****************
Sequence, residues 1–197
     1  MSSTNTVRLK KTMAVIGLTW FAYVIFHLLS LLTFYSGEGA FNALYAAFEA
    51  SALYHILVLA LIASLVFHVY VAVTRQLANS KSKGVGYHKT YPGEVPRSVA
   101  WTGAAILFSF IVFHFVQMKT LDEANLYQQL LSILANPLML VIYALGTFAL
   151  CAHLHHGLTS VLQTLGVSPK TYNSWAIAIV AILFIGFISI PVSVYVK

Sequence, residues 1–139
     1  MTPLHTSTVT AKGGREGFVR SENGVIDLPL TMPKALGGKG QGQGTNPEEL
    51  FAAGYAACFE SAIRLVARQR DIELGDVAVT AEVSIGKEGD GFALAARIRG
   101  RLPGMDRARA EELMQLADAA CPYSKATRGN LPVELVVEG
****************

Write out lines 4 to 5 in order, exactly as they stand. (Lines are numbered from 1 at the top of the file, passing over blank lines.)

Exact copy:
   101  WTGAAILFSF IVFHFVQMKT LDEANLYQQL LSILANPLML VIYALGTFAL
   151  CAHLHHGLTS VLQTLGVSPK TYNSWAIAIV AILFIGFISI PVSVYVK